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Criminal Justice Process - The Relationship Between Substance And Procedure

system defendants discretion rights

Plea bargaining also offers an interesting perspective on the criminal justice process as a whole. The Constitution as construed by the Supreme Court places significant limits on police investigations and secures every defendant the right to a rigorous trial. But the limits on the police and the right to trial may be waived by defendants, and police and prosecutors have virtually limitless discretion in selecting targets for investigation and prosecution. The key features of the system are not due process and equal protection, but waiver and discretion.

If defendants could not waive their rights, the system would be required by the Constitution to devote much greater resources to the trial process. If prosecutors did not have discretion to drop and add charges, the state would be disabled from giving defendants an incentive to waive their rights. Because the courts have imposed extensive constitutional requirements on criminal procedure, but have left the substantive criminal law virtually unregulated, discretion and waiver have invited legislatures to authorize extremely harsh sentences. Legislature who adopt harsh penalties know that very few defendants will receive the maximums authorized by statute, because prosecutors have discretion not to bring every charge supported by the evidence. Long potential maximum sentences in turn give the prosecutor powerful leverage in plea negotiations.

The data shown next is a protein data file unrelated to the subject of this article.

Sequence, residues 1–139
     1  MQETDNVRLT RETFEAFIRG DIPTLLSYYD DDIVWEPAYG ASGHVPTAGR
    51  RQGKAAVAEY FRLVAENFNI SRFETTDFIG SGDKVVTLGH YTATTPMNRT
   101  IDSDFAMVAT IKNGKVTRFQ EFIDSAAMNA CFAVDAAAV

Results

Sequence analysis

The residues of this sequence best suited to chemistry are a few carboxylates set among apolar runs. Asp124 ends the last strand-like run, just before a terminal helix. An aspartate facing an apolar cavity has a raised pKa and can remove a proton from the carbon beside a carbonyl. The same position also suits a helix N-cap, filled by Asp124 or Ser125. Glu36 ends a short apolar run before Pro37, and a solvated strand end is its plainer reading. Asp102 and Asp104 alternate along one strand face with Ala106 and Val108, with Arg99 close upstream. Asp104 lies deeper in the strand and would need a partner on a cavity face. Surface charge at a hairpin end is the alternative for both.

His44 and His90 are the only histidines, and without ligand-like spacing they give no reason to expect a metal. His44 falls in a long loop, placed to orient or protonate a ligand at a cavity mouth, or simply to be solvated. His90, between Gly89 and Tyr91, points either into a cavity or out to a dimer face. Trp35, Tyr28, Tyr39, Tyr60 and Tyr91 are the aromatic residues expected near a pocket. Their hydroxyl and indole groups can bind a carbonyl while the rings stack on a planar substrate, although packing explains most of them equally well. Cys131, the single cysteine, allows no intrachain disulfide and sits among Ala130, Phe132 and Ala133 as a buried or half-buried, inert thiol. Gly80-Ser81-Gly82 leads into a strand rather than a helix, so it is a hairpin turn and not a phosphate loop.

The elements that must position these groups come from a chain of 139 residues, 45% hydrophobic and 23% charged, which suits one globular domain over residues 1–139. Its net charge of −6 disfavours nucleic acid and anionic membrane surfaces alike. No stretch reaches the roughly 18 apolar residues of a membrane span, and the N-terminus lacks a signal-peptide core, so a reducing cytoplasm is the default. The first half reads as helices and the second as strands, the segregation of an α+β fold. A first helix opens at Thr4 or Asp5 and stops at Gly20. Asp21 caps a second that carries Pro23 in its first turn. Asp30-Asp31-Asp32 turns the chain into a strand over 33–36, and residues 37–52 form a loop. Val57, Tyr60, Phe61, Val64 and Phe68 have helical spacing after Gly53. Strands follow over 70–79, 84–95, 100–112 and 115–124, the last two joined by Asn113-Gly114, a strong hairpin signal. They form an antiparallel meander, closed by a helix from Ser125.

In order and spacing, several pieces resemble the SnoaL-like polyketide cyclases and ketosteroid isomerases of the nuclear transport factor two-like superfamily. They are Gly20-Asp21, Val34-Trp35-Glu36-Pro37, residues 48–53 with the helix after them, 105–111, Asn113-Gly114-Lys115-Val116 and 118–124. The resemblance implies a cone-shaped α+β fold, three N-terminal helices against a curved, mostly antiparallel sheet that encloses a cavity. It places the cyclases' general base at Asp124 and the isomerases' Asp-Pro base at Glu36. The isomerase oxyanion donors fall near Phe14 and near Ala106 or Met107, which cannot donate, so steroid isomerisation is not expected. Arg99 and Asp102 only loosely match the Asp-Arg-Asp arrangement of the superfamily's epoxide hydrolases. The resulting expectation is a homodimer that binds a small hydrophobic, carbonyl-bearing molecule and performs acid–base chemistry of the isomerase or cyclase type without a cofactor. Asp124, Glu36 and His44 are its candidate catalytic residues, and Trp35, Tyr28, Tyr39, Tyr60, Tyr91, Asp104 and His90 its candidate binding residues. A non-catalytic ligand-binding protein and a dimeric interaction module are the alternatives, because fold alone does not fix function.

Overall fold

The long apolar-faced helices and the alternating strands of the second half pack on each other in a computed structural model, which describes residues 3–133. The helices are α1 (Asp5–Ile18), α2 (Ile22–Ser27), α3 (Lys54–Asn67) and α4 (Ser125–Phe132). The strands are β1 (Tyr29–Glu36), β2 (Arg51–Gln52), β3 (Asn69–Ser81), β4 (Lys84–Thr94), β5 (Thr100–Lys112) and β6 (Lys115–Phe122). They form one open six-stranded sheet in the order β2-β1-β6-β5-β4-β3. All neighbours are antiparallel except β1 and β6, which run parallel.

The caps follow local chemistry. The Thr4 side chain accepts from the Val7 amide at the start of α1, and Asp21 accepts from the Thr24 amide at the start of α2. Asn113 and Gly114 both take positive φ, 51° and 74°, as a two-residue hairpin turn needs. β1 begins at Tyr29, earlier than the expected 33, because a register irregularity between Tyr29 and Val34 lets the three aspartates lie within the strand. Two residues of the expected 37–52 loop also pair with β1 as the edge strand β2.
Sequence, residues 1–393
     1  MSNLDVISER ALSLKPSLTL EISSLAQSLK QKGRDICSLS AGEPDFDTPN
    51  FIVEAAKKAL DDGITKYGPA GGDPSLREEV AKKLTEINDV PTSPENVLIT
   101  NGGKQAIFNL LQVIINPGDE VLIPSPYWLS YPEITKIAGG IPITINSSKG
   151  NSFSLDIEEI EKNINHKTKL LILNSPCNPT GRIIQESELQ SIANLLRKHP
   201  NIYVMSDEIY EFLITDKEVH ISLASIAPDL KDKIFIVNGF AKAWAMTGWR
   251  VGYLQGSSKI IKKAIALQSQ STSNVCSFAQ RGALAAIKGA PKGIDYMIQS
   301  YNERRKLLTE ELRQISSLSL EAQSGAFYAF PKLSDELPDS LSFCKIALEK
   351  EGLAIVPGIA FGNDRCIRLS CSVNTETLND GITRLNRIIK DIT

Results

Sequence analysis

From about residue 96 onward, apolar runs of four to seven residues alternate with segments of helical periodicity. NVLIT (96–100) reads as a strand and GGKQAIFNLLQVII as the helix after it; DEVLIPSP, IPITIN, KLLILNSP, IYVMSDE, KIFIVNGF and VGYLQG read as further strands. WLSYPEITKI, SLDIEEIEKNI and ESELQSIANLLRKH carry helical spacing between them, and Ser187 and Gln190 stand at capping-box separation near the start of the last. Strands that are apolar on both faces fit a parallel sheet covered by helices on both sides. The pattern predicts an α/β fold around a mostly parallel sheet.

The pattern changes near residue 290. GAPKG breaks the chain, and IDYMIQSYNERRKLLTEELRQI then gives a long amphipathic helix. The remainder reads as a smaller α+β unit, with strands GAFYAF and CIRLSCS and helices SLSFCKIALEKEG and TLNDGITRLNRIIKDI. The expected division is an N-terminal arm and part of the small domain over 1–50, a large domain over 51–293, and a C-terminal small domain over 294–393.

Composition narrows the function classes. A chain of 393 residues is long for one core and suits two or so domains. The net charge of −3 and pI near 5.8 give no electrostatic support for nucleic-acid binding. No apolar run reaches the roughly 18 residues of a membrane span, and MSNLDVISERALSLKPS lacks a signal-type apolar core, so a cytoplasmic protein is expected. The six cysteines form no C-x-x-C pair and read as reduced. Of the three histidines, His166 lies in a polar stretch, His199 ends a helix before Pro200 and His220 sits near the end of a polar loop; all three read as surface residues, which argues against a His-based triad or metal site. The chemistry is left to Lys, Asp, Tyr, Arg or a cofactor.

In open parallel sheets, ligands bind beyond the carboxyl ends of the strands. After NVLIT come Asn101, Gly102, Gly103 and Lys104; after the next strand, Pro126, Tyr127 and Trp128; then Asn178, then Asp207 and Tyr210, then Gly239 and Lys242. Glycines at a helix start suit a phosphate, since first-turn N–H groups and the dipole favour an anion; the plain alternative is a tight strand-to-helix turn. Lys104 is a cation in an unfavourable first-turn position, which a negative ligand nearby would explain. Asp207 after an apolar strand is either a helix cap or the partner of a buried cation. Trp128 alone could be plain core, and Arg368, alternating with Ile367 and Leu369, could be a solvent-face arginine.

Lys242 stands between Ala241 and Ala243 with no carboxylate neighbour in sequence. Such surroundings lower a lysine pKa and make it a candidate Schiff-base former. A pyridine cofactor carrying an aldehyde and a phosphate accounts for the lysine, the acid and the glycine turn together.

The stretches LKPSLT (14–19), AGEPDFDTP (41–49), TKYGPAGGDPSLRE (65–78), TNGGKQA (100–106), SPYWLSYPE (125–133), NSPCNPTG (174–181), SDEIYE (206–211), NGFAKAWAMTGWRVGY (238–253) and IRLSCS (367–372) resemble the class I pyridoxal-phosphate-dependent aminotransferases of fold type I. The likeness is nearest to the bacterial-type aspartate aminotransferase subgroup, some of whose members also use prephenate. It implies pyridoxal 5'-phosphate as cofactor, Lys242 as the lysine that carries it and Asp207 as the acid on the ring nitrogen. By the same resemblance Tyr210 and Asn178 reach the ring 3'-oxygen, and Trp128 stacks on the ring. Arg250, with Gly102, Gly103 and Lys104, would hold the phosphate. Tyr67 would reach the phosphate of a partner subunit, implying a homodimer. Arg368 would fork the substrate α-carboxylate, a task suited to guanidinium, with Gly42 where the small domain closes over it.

Waiver and discretion are both perfectly defensible in theory. In practice they have given us not one criminal justice process, but two. In one system the accused really receives the protections promised by the Constitution. This system is reserved for those who know their legal rights and can afford to assert them. As discretion is generally not exercised to target such individuals anyway, this system only rarely comes into play. The other system tolerates pressures that in fact induce most suspects to waive their rights. In this, the everyday system, defense counsel enters the process only after the police have completed the investigation. Once counsel does enter the picture, defense lawyers cooperate with prosecutors in negotiating an acceptable plea in an environment in which the prosecution largely determines the terms of trade. The right to trial operates primarily as a bargaining chip the defense can play to counter the prosecution's ability to unilaterally determine the severity of the charges.

An honest view of the process does not necessarily entail cynicism. If defendants could not waive their rights it would not be long before those rights were substantially curtailed. If prosecutors were compelled to bring every charge supported by the evidence legislatures would be forced to modify the substantive criminal law or to ante up billions of dollars for prisons. The present arrangement permits society to retain a strong set of procedural safeguards that might protect sophisticated defendants against politically motivated prosecutions. Waiver keeps the cost of these safeguards, in terms of crime control, to a practical minimum.

The role played by wealth in determining the type of justice accorded to different defendants is certainly troubling, but so long as individuals have the right to use their own money to defend themselves against criminal charges it is hard to see how that role could be eliminated. Society could do much more to improve the process and reduce the disparity between rich and poor by raising the floor beneath which justice for the poor is not allowed to fall. This would require the commitment of additional resources, especially but by no means exclusively for indigent defense. Thus far the political will for such reforms has not developed.

Criminal Justice Process - Bibliography [next] [back] Criminal Justice Process - Racial Aspects Of The Criminal Justice Process

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